Karavansara

East of Constantinople, West of Shanghai


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Two books and a movie

I am lucky: there’s people out there that give me books as gifts. I am really moved by this, because it means these persons recognize my addiction, and have enough compassion to want to help me stay sane by keeping me well provided with reading matters.

So yesterday I got a digital copy of Alastair Humphreys’ My Midsummer Morning. The person that sent it to me (thank you!) knows I am a fan of Humphreys’, and knew I was curious about this book – that chronicles the author’s travel through Spain, on foot, living on the earnings of his busking.

Humphreys’ offbeat adventure was inspired by another great book, Laurie Lee’s classic As I Walked Out One Midsummer Morning, which chronicles Lee’s crossing of the Spanish peninsula, while busking with his violin to make a living. Lee’s adventure took place in 1934. He would return in Spain in ’37 as a member of the International Brigade.

Humphreys’ book is all about finding adventure by facing what causes us anxiety and fear – because if it’s all fun and games, it’s not a challenge, and cannot be a proper adventure.
Hence his idea of travelling as a busker while having no previous experience as a violin player but a few months of lessons and frustrating exercise.
Yes, it’s a wild, crazy idea, but one that works, and does make a sort of sense.

And never before as in these days we needed to be able to face what causes us pain and anxiety.
Books will help, and music. And a certain mental attitude, that allows us to discover adventure in adversity.

So here I have the ebook on my reader.
But in case you are curious, the author also shot a documentary of his adventure, and here it is… enjoy!


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1300 Mondays

In the opening chapter of his The Doorstep Mile(that once again, is highly recommended) adventurer Alastair Humphreys writes:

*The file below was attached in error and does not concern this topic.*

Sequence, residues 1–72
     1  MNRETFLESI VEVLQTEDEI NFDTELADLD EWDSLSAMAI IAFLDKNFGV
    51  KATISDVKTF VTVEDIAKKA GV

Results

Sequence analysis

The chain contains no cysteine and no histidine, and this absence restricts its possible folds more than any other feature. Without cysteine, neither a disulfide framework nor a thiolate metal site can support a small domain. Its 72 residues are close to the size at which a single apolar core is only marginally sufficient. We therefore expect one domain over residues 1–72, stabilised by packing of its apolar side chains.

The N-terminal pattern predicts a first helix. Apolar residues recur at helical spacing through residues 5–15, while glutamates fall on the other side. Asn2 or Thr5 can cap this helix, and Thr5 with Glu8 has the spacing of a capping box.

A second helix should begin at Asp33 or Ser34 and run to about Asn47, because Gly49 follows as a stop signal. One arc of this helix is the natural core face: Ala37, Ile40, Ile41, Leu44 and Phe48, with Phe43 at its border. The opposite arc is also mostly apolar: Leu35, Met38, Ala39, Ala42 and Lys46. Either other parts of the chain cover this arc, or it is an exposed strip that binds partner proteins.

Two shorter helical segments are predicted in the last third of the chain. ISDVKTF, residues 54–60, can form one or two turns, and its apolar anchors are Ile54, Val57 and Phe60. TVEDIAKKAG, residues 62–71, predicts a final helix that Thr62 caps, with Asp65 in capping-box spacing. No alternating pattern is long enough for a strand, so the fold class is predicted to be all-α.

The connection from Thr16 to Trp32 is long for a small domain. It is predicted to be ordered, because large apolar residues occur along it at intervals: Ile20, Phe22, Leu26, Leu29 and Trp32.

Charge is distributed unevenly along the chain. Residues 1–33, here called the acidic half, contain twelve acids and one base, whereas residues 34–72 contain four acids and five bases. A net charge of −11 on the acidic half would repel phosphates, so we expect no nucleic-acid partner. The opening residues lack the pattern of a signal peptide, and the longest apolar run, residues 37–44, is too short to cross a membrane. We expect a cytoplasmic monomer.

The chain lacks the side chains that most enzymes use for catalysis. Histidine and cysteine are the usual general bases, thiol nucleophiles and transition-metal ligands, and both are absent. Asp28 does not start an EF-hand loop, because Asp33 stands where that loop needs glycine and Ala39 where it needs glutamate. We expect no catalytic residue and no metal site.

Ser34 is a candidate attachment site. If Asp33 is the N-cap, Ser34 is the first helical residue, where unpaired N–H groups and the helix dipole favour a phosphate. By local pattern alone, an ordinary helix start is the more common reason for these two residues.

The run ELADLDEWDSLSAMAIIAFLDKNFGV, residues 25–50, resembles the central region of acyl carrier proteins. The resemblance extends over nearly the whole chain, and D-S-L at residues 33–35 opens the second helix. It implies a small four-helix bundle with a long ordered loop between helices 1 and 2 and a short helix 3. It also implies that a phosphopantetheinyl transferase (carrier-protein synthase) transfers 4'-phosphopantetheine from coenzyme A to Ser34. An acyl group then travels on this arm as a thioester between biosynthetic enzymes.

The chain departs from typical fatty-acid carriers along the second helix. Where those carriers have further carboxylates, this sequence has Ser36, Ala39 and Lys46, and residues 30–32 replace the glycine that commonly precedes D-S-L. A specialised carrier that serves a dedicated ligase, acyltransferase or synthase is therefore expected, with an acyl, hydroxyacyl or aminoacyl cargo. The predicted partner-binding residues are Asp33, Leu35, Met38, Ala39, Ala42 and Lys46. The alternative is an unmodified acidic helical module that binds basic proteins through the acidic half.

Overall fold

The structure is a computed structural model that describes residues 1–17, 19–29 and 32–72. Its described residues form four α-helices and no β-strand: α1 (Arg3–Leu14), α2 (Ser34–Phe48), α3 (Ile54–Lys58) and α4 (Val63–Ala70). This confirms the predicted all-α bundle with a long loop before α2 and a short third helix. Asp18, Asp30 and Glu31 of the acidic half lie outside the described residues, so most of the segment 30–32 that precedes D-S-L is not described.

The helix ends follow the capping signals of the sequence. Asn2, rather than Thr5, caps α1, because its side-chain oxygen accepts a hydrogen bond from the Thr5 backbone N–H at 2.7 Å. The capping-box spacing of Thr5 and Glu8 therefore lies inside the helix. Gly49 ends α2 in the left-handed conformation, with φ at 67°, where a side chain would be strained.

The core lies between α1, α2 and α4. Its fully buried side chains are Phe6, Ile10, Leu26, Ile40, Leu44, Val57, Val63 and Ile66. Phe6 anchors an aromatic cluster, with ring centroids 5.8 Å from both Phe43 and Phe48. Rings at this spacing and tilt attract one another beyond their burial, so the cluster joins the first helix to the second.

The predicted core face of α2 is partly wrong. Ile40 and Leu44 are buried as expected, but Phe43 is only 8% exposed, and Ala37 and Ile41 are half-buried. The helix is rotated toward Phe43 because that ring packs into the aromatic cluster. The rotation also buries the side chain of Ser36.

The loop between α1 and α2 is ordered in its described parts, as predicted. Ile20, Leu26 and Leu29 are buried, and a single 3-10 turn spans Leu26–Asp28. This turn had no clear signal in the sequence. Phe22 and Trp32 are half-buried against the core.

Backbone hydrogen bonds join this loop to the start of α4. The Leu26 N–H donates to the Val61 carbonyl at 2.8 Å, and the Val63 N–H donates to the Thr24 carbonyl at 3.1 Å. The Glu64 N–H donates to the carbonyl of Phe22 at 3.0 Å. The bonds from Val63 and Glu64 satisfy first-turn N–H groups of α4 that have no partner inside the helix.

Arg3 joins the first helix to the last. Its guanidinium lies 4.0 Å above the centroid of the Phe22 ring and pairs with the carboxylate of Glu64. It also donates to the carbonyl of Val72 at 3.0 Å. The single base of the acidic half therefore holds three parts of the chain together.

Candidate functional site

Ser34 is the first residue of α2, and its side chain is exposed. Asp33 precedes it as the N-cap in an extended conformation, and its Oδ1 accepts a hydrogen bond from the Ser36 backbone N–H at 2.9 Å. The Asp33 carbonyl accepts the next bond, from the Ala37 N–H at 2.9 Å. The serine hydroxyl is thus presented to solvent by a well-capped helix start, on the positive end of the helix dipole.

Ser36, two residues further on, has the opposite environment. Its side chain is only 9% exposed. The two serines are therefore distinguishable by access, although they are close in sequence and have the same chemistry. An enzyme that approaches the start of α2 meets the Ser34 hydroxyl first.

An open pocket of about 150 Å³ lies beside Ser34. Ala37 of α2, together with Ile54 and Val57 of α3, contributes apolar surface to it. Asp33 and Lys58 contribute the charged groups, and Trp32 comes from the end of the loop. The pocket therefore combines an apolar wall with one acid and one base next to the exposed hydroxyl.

I have fewer than 2000 Mondays left to live. I want to make the most of them, not just tick them off.

This gave me pause.
How many Mondays do I have left?, I wondered.
I made some quick calculation, based on my family data.
Both my grandfathers died in their early seventies.
My father died at seventy-six.
On my mother’s side we tend to be more long lived – we usually get in our ’90s if cancer does not get at us earlier.
I am 52, so… how many Mondays?

Less than 1300 is a good estimate.
What am I going to do with them?

Humphreys’ idea, presented in his book, is to try and do something that makes me happy. Even something small.
Something that does not drastically change my life overtime, but that in due time will make me able to enjoy a lot more those 1300 Mondays, and all the other days.

I am working on it.
Now I have a deadline.


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Into the Empty Quarter

Wilfred Thesiger’s Arabian Sands was one of the first true-life adventure books I remember reading, about thirty-five years ago. The book was published in 1959, and collected Thesiger’s notes about his travels in the Empty Quarter of the desert of Arabia between 1945 and 1950.

The book is apparently on the Excluded Products list on Amazon, so while you can still buy the ebook through this link, I won’t see a single penny for the sale. But I don’t give a damn – this post is to recommend a fine book, not to make money. And screw Amazon.

And as I am at it, here’s the short version of the movie of the expedition Alistair Humphreys and Leon McCarron undertook in the steps of Thesiger a few years back.